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The Evolving Face of Cannabis

Welcome to NorthBay biz magazine’s inaugural Business of Cannabis issue. When I started working for the magazine as a freelance writer eight years ago, I would never have guessed I’d be writing about cannabis within the pages of a business-to-business magazine. But California is a state that always makes a grand entrance, often leading the way in the nation. It was the first state to approve the medical use of cannabis in 1996 through Proposition 215, which was then considered a significant victory for medical marijuana. And the legalization of recreational cannabis through Prop 64 in 2018 underscores the trailblazing ways of our Golden State.

Not all Californians—both residents and those in the industry—are pleased with the regulations set forth before them. Last year, as the state welcomed the recreational market, it brought with it new regulations and challenges to the industry and those who’ve built it. But no matter where you stand on the use of cannabis, this is an emerging industry, and it’s clearly here to stay. Times are changing, and so is the face of cannabis.
Earlier this year, BDS Analytics, a leader in cannabis business intelligence and market share tracking, released its “Top 10 Trends in Cannabis for 2019.” Here are some highlights from their retail sales data and what the company predicts in current trends.

Who’s using weed?

The typical user in marijuana pop culture, is usually centered around a young male smoker and his high-times adventures. But what you may find most surprising is who is using weed these days. If you still associate smoking pot with the twentysomething population, it’s still true today. Those in their 20s are active consumers, but older generations are a growing segment.

According to research by BDS Analytics, Baby Boomers are more likely to consume cannabis for medical reasons, while the younger generation is more inclined to imbibe just for fun. And while older individuals turn to cannabis for medical purposes, they’re also using it to relax and have a good time. In fact, 67 percent of boomers consume for health and medical issues and list aches, pains and other medical problems as their reasons for imbibing. However, nearly 60 percent of the same demographic also point toward “unwinding and having a good time” as reasons for consuming.

Rec and med markets
In markets where both recreational and medical use co-exist, medical dispensaries are on the decline, while adult-use shops are booming. The decline of medical dispensaries has nothing to do with the reasons people consume cannabis. Instead, it has more to do with business models. BDS Analytics predicts that as more and varied products become available, along with an increase in education and further de-stigmatization of cannabis consumption, a larger percentage of consumers will imbibe for both fun and medicinal purposes.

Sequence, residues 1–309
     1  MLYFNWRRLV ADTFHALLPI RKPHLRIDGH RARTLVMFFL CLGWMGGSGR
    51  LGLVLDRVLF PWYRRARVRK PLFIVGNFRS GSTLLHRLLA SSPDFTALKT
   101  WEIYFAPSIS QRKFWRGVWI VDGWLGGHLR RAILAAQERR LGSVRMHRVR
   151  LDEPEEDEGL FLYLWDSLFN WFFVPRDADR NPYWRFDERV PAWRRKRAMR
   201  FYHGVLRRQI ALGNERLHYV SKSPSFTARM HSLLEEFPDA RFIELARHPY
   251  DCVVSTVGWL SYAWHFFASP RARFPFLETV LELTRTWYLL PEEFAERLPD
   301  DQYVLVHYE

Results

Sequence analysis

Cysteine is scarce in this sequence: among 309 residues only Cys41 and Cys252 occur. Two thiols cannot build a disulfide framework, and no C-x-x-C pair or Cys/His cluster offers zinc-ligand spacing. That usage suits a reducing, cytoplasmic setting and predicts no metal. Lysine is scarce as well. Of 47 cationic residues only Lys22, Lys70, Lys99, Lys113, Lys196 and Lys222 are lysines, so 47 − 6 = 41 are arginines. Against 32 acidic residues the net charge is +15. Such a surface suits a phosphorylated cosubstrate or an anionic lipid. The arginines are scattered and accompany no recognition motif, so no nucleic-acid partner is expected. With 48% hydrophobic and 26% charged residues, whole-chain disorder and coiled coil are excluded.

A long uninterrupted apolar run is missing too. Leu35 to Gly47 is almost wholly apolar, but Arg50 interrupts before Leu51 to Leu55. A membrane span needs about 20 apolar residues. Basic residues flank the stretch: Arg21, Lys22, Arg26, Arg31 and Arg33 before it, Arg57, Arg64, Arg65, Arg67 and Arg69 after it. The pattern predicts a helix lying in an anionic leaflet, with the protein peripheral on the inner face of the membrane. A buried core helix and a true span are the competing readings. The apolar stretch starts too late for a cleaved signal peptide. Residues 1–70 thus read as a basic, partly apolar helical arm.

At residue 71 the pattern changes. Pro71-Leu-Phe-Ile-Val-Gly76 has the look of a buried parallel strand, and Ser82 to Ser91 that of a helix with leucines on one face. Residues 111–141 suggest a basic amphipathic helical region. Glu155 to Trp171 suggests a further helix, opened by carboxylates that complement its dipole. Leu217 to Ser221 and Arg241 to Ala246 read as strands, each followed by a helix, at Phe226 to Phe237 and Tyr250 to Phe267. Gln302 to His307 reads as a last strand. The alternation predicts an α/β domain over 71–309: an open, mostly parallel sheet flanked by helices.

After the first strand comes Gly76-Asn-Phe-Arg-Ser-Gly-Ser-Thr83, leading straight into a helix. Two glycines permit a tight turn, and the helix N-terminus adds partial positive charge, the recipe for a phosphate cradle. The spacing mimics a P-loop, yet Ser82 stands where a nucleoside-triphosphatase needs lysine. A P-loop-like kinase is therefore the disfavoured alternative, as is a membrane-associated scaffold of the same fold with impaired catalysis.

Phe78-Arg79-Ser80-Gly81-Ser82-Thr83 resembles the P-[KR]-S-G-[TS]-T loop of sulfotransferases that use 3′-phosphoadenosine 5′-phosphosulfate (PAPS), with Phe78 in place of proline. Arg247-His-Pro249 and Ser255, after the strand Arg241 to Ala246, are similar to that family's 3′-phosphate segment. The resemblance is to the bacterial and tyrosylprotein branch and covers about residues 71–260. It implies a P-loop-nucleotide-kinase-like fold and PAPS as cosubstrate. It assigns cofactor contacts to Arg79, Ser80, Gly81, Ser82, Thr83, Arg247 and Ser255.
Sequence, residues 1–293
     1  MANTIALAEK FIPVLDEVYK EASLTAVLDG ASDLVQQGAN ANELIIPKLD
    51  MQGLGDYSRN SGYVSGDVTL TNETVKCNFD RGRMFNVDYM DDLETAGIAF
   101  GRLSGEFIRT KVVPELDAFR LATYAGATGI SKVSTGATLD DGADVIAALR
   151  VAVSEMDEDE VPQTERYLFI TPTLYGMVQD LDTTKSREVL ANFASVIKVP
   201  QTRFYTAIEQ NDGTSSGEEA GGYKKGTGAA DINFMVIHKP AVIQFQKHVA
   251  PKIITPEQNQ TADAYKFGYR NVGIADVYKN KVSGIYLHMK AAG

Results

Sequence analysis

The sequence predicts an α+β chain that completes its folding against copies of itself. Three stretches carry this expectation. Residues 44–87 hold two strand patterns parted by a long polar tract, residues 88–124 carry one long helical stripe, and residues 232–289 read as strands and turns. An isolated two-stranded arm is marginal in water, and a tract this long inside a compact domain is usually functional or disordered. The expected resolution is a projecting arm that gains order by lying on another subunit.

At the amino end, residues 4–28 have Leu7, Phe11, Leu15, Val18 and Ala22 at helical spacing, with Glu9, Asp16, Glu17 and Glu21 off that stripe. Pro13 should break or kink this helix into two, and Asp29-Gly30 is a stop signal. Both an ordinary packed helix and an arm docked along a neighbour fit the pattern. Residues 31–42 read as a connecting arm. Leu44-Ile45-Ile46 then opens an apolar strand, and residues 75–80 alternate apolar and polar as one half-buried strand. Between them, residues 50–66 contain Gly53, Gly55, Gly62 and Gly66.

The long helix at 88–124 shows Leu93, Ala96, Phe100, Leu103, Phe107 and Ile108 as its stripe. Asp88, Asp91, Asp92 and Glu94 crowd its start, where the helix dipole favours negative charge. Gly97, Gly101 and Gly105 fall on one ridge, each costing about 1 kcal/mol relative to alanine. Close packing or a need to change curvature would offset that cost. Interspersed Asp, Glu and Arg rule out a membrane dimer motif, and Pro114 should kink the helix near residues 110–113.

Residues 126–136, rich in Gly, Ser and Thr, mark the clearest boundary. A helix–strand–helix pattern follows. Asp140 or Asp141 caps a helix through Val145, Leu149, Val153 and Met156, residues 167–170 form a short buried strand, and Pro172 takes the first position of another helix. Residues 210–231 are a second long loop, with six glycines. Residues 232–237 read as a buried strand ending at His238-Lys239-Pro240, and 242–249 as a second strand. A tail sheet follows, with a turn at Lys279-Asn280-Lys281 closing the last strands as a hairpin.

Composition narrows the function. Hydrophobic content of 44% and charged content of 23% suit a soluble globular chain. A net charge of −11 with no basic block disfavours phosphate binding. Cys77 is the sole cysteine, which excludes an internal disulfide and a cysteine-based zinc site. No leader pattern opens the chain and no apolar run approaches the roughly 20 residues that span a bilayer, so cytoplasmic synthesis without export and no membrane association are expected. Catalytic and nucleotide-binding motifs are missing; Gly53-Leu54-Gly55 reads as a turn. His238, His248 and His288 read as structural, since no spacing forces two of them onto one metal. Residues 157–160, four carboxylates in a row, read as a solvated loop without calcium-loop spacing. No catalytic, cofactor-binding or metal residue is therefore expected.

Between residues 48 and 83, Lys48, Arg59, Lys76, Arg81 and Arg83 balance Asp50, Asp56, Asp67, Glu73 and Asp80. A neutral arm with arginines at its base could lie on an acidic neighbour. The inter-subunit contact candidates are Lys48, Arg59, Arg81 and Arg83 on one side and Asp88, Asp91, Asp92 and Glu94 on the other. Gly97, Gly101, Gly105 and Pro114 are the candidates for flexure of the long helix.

Currently, 64 percent of people in the U.S. already believe that cannabis has medical benefits, and in states that already offer adult-use or medical sales, 88 percent endorse cannabis for medical purposes. Medical markets continue to thrive in the absence of adult-use markets. For example, Arizona’s medical market expanded from $22 million in January 2017 to $56 million in May 2018.

Social consumption

BDS Analytics also anticipates the emergence of legal cannabis social clubs in 2019. In its survey, it showed that 71 percent of cannabis consumers say they engage with the plant for social and/or recreational purposes, and 41 percent savor cannabis for date nights and daytime fun.
Research also indicates that a large population of cannabis users are looking for opportunities to imbibe in venues allocated for legal public consumption. Cities such as San Francisco, Las Vegas, Denver and Boulder, Colo. are expected by the research firm to foster cannabis experiences. Meanwhile, Wine Country is already taking the lead. (See “Wine & Weed” on page 36.)

Cannabis-infused beverages
Raise your glass to sippable cannabis! With the increase of the cannabis beverage market, there’s a range of options—kombucha, tea bags, packaged shots of coffee and sparkling-infused drinks. (See “Sparkling H-Fi Hops” on page 20.)
There’s cannabis beer, too, though pot-infused drinks such as ales and Chardonnays, are alcohol-free. By 2022, the U.S. edibles market is projected to reach $3.4 billion with cannabis beverage sales expanding roughly 10-fold to $374 million.

Back to business
So my oh my, how times change. Cannabis is an emerging industry and a new frontier for the North Bay business community. What’s ahead for this industry in the decade ahead? Only time will tell.
This issue of NorthBay biz—The Business of Cannabis—is a first in the history of the magazine. As this industry continues to evolve and grow, the editorial team and staff at NorthBay biz is committed to providing our readers with editorial content that will provide the latest news, information, insights and trends in this emerging industry.



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